A federal jury in the US has convicted two Indian-origin executives of a Chicago-based start-up of running a US$1 billion corporate fraud scheme that targeted the company’s clients, lenders and investors.
After a 10-week trial, jurors on Tuesday (April 12) found health technology company Outcome Health co-founder and former CEO Rishi Shah, 37, guilty on 19 of 22 counts and co-founder and former president Shradha Agarwal, also 37, guilty on 15 of 17 counts.
Former chief operating officer Brad Purdy was held guilty on 13 of 15 counts.
Shah was convicted of five counts of mail fraud, 10 counts of wire fraud, two counts of bank fraud and two counts of money laundering. Agarwal was convicted of five counts of mail fraud, eight counts of wire fraud and two counts of bank fraud.
Purdy, 33, was convicted on five counts each of mail and wire fraud, two counts of bank fraud and one count of making false statements to a financial institution.
The defendants face a maximum penalty of 30 years in prison for each count of bank fraud and 20-year imprisonment for each count of wire fraud and mail fraud.
Shah faces a maximum penalty of 10 years in prison for each count of money laundering. A sentencing hearing will take place later.
The Justice Department said the company installed television screens and tablets in doctors’ offices all over the US and sold advertising space on those devices to clients, most of whom were pharmaceutical companies.
According to evidence, Shah, Agarwal and Purdy sold advertising inventory the company did not have to Outcome’s clients, then under-delivered on its advertising campaigns. Despite these under-deliveries, the company invoiced clients as if it had delivered in full.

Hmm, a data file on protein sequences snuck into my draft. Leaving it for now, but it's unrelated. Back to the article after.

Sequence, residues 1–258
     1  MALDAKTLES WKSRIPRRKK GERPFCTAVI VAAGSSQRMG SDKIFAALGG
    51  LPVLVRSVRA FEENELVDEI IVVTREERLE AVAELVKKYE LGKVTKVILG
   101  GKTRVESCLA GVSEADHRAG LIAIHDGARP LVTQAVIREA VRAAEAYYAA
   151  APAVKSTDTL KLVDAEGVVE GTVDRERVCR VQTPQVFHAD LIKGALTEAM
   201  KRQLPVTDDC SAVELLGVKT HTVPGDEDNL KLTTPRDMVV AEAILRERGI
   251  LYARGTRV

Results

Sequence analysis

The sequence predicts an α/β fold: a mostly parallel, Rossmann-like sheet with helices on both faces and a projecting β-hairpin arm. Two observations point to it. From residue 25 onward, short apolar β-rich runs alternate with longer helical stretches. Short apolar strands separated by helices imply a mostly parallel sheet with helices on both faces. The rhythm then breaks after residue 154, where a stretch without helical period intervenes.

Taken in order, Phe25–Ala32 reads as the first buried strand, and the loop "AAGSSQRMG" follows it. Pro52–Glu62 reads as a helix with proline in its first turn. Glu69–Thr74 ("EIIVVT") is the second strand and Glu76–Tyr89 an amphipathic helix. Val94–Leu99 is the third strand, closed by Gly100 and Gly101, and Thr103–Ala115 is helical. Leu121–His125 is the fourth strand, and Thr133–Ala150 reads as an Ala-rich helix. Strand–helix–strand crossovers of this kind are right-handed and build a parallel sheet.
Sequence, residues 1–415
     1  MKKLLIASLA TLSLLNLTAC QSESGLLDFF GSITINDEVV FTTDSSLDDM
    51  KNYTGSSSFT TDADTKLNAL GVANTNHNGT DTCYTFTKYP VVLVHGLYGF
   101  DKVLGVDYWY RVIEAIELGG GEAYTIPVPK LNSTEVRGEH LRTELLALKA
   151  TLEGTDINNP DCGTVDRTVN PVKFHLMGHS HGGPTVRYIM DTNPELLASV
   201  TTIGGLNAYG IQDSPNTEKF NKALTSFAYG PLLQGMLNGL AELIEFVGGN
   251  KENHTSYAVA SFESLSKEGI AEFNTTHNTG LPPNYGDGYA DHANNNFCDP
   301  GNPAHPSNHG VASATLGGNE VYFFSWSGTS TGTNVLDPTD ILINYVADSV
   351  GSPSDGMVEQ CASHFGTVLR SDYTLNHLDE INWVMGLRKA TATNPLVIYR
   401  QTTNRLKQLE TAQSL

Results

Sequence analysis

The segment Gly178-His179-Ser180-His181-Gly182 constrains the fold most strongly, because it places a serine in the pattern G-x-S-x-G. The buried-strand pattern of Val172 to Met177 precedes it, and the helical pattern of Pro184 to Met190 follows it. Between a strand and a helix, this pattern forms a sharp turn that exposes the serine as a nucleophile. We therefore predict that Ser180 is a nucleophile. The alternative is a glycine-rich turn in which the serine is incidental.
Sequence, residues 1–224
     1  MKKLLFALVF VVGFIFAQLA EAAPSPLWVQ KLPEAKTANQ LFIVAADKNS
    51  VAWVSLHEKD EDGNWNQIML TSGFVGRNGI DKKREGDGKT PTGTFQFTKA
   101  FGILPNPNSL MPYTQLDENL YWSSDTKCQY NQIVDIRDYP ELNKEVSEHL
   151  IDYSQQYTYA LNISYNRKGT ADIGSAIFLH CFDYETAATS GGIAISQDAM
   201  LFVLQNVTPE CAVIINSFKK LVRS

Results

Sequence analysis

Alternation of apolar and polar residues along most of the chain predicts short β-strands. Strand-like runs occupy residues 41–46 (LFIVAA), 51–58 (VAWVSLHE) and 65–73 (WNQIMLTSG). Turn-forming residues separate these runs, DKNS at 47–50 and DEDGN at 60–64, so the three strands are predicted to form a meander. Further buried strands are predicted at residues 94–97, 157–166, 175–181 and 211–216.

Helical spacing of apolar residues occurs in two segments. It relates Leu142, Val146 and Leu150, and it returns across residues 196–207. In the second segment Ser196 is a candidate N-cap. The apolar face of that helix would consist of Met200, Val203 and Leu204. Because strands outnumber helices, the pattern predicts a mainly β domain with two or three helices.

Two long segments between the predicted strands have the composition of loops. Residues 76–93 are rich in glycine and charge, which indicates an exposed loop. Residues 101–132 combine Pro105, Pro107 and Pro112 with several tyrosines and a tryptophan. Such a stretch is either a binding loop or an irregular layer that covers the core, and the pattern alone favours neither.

Shah, Agarwal and Purdy lied or caused others to lie to conceal the under-deliveries from clients and make it appear as if the company was delivering advertising content to the number of screens in the clients’ contracts.
Purdy and others at the company also inflated metrics that purported to show how frequently patients engaged with the company’s tablets installed in doctors’ offices.
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According to the trial evidence, the scheme targeting the company’s clients began in 2011 and lasted until 2017, resulting in at least $ 45 million of overbilled advertising services.
Shah, Agarwal and Purdy were also convicted of defrauding the company’s lenders and investors.
The under-delivery to the company’s advertising clients resulted in a material overstatement of the company’s revenue for 2015 and 2016.
Shah, Agarwal and Purdy utilised inflated revenue figures in the company’s 2015 and 2016 audited financial statements to raise $110 million in debt financing in April 2016, $375 million in debt financing in December 2016 and $487.5 million in equity financing in early 2017.
The three lied to investors and lenders to conceal their ongoing under-delivery of advertising campaigns for clients.
The $ 110 million debt financing resulted in a $ 30.2 million dividend to Shah and a $ 7.5 million dividend to Agarwal; the $ 487.5 million in equity financing resulted in a $ 225 million dividend to Shah and Agarwal.
The verdict represented a stunning fall for the three who were once young stars of Chicago’s tech scene.
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This may have implications for others in the tech community, with parts of the case focusing on the line between start-ups’ typical growing pains and fraud, the Chicago Tribune reported on Tuesday.
A spokesperson for Shah said in a statement: “Today’s verdict deeply saddens Shah, and he will exhaust every avenue to overturn this result.”
Theodore Poulos, an attorney for Purdy, said: “We are profoundly disappointed with the verdict in this complex and nuanced case, particularly given the plethora of evidence adduced at trial, which showed that certain critical information was intentionally withheld from Purdy.”
Three other former employees of Outcome pleaded guilty prior to trial.
Ashik Desai, the former chief growth officer, pleaded guilty to one count of wire fraud. Kathryn Choi, a former senior analyst, and Oliver Han, a former analyst, both pleaded guilty to conspiracy to commit wire fraud.
Desai, Choi and Han will be sentenced at a later date.
(With agency inputs)